Clarion Project

  (Redirected from Clarion Fund)

The Clarion Project (formerly Clarion Fund Inc.) is an American nonprofit organization based in Washington, D.C. that was founded in 2006.[1][2] The organization has been involved in the production and distribution of the films Obsession: Radical Islam's War Against the West, The Third Jihad: Radical Islam's Vision For America, Iranium, and Honor Diaries. These films have been criticized for falsifying information and described as anti-Muslim propaganda.[3][4]

Clarion Project
MottoChallenging extremism, Promoting dialogue
Founded2006
FounderRaphael Shore
20-5845679
Location
Websiteclarionproject.org

Mission, organization and fundingEdit

Clarion Project states its mission is to expose and reduce the threats of extremism to create a safer world for all [5]

Ryan Mauro is the Clarion Project's national security analyst.[6]

Funders include the Donors Capital Fund, a nonprofit donor-advised fund, which gave the organization a donation of $17.7 million in 2008,[7][8] and casino owner Sheldon Adelson.[8][9]

The nonprofit Charity Navigator has rated the Clarion Project 2 out of 4 stars.[10] According to the Clarion Project's Form 990, 64.7 percent of its expenses are program expenses, 17.5 percent are administrative, and 17.6 percent are for fundraising.[11]

The project's advisory board included Raheel Raza [12] president of Muslims Facing Tomorrow, Dr Zhudi Jasser president of the American Islamic Forum for Democracy (AIFD) [13] and Michelle Baron.

The project was founded by Rabbi Raphael Shore, who previously worked for the organization Aish HaTorah.[14][15][16][17]


CriticismEdit

The Southern Poverty Law Center lists the organization as an "anti-Muslim hate group".[18] The U.S.-based Muslim advocacy group, the Council on American–Islamic Relations, stated that the Clarion Project is among 37 American organizations that promote Islamophobia in America society.[19]

Anti-Muslim activist Frank Gaffney has sat on the board of the Clarion Project and has been described by the Anti-defamation League as having "promulgated a number of anti-Muslim conspiracy theories".[20] Clarion has also employed security-analyst Ryan Mauro, who has asserted that there were multiple "no-go zones" for non-Muslims across the U.K. and Europe and has spoken about the supposed rising number of Muslim enclaves across the U.S., governed by "gangs of Islamic extremists" enforcing the Shariah law.[21]

The Clarion Project's 2008 distribution of 28 million copies of its Obsession DVD right before the Presidential election has helped increase Islamophobia in the United States according to both Muslim and anti-Muslim organizations.[7][22]

ReferencesEdit

  1. ^ "About Clarion Project". Clarion Project. Archived from the original on 2015-02-22. Retrieved 2015-02-26.
  2. ^ Alami, Mona (November 1, 2014). "Jihadist Jane: Islamic State seeking out women". USA Today. Archived from the original on 2017-11-07. Retrieved 2017-08-25.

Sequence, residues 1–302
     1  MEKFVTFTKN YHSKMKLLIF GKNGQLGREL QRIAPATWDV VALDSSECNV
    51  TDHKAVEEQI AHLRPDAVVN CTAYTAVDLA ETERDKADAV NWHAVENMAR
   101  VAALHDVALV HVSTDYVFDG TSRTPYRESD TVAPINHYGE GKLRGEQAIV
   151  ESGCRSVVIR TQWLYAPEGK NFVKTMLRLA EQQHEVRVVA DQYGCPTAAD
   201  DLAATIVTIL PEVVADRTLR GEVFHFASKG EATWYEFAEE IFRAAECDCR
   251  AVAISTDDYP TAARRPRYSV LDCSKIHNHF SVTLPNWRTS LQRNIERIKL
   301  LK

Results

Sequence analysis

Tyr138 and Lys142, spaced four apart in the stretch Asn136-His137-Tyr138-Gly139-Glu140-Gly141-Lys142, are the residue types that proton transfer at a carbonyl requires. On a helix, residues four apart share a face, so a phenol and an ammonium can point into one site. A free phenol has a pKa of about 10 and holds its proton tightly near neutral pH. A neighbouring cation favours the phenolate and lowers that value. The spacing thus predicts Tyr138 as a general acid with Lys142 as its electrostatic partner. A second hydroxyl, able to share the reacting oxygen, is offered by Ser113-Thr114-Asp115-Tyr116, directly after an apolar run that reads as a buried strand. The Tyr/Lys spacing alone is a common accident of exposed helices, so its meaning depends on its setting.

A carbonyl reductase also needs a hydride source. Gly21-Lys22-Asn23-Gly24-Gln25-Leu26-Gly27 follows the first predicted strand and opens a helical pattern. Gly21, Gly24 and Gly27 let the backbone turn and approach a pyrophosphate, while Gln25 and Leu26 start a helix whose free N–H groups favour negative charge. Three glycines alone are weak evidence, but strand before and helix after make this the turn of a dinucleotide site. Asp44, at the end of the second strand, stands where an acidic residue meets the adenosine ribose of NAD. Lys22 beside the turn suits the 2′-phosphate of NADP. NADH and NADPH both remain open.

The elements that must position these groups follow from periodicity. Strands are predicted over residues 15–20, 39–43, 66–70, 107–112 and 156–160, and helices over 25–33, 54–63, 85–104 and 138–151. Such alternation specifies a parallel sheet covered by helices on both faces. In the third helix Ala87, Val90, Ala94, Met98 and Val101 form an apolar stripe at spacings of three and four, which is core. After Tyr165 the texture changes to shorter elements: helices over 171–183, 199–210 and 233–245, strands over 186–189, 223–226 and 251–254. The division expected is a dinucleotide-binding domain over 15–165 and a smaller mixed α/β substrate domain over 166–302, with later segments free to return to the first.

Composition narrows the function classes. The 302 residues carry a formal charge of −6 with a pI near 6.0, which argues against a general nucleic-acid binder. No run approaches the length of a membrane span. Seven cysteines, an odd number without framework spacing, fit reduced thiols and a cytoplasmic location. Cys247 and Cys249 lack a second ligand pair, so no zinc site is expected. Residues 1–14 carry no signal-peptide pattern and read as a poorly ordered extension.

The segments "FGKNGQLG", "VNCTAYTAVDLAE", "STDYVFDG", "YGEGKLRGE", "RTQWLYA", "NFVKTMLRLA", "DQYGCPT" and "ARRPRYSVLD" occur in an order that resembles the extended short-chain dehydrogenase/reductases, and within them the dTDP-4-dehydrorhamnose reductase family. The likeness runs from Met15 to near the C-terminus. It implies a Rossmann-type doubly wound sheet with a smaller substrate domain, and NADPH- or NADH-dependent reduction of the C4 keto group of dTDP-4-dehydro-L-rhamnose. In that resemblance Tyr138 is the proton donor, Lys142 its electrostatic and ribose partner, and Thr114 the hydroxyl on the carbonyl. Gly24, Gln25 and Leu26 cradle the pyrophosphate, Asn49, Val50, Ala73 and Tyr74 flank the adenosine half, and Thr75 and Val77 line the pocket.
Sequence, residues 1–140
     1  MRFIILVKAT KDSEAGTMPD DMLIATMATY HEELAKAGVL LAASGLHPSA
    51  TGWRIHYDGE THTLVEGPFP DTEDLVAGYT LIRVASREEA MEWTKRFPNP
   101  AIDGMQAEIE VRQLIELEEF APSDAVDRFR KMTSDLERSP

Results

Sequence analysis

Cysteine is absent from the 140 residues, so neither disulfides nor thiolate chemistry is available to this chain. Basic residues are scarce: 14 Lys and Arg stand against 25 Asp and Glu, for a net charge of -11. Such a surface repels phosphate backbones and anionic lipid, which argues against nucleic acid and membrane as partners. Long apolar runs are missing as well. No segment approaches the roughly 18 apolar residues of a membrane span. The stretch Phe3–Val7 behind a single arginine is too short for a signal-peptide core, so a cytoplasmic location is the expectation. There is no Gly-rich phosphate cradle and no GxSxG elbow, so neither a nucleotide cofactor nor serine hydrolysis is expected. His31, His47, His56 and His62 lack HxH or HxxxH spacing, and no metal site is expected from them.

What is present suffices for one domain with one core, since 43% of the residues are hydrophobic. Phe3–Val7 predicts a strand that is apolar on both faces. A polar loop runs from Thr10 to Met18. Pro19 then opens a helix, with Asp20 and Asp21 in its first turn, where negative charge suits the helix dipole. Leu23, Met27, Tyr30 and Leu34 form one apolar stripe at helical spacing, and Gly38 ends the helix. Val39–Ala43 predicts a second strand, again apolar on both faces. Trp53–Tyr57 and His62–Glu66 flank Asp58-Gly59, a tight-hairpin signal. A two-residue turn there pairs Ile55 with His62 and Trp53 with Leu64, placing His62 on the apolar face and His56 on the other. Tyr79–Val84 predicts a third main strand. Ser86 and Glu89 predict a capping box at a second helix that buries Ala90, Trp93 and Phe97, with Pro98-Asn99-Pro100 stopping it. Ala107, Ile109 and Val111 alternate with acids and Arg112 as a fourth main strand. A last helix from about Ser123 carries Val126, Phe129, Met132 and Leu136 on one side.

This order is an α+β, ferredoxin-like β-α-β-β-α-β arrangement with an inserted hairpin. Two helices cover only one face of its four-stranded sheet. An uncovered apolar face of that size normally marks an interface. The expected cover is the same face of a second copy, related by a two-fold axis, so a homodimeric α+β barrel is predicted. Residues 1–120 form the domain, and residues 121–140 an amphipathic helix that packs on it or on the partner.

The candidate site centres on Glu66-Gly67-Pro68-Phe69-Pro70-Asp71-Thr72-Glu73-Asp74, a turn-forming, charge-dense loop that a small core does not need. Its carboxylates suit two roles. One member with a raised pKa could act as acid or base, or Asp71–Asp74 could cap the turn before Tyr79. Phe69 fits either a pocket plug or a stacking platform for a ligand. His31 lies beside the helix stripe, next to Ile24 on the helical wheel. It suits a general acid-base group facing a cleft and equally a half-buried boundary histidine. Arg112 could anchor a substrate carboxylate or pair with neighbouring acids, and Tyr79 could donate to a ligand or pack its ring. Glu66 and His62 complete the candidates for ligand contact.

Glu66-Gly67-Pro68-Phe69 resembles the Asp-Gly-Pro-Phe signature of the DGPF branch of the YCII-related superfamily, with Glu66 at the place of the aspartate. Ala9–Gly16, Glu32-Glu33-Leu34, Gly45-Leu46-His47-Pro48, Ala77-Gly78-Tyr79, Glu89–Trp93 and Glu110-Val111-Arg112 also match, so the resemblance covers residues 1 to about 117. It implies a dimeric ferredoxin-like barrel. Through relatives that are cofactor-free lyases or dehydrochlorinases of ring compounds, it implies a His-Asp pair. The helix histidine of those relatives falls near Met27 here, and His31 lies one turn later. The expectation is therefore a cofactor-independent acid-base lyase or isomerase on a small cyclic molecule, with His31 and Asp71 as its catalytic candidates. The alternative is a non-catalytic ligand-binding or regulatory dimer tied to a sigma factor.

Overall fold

3. ^ "Archived copy". Archived from the original on 2017-05-31. Retrieved 2017-08-25.CS1 maint: archived copy as title (link) CS1 maint: BOT: original-url status unknown (link)
  4. ^ "NYPD Cops' Training Included an Anti-Muslim Horror Flick". Village Voice. New York. 21 January 2011. p. 1. Archived from the original on 21 January 2011. Retrieved 23 February 2019.
  5. ^ "Home". Clarion Project. Retrieved 2020-10-18.
  6. ^ Stakelbeck, Erick (December 26, 2013). "Brotherhood Supporters Advising Obama Admin?". CBN. Archived from the original on 2014-02-21. Retrieved 18 February 2014.
  7. ^ a b Elliott, Justin (November 16, 2010). "Mystery of who funded right-wing "radical Islam" campaign deepens". Salon. Archived from the original on 2015-11-25. Retrieved November 30, 2015.
  8. ^ a b Serwer, Adam (January 24, 2012). "Gingrich's Anti-Muslim Sugar Daddy Funded Film Shown To NYPD". Mother Jones. Archived from the original on 2015-11-29. Retrieved November 29, 2015.
  9. ^ Ali, Wajahat; Clifton, Eli; Duss, Matthew; Fang, Lee; Keyes, Scott; Shakir, Faiz (August 26, 2011). "Fear, Inc". Center for American Progress. Archived from the original on 2015-11-06. Retrieved November 9, 2015.
  10. ^ "Charity Navigator - Rating for Clarion Project". Charity Navigator. Retrieved 2020-10-18.
  11. ^ "Charity Navigator - Rating for Clarion Project". Charity Navigator. 1 June 2018. Retrieved 23 February 2019.
  12. ^ "Muslims Facing Tomorrow". muslimsfacingtomorrow.com. Retrieved 2020-10-18.
  13. ^ "American Islamic Forum for Democracy". aifdemocracy.org. Retrieved 2020-10-18.
  14. ^ Bryan Saario (2011). Holy Land Conversations: A Journey Through Palestine's Back Door. Wheatmark, Inc. p. 154.
  15. ^ Lawrence Swaim (2012). The Death of Judeo-Christianity: Religious Aggression and Systemic Evil in the Modern World. John Hunt Publishing. p. 144.
  16. ^ Nathan Lean (2012). The Islamophobia Industry: How the Right Manufactures Fear of Muslims. Palgrave Macmillan. p. 127.
  17. ^ Hani A. Faris (2013). The Failure of the Two-State Solution: The Prospects of One State in the Israel-Palestine Conflict. I.B.Tauris. p. 108.
  18. ^ "Anti-Muslim". Southern Poverty Law Center. Retrieved 2020-10-18.
  19. ^ Katherine Burgess (19 September 2013). "Muslims name 37 groups that fuel Islamophobia". The Washington Post. Archived from the original on 2016-08-20. Retrieved 2016-06-28.
  20. ^ "Frank Gaffney Jr. and the Center for Security Policy". Anti-Defamation League. Retrieved 2020-10-18.
  21. ^ "Extremists to Address Anti-Muslim Act! for America Conference Next Week". 3 September 2015. Archived from the original on 2016-05-27. Retrieved 2016-06-28.
  22. ^ Slajda, Rachel (25 August 2010). "How 30 Million DVDs Sent In 2008 Election Fuel The Anti-Mosque Debate Today". Talking Points Memo. Retrieved 23 February 2019.

External linksEdit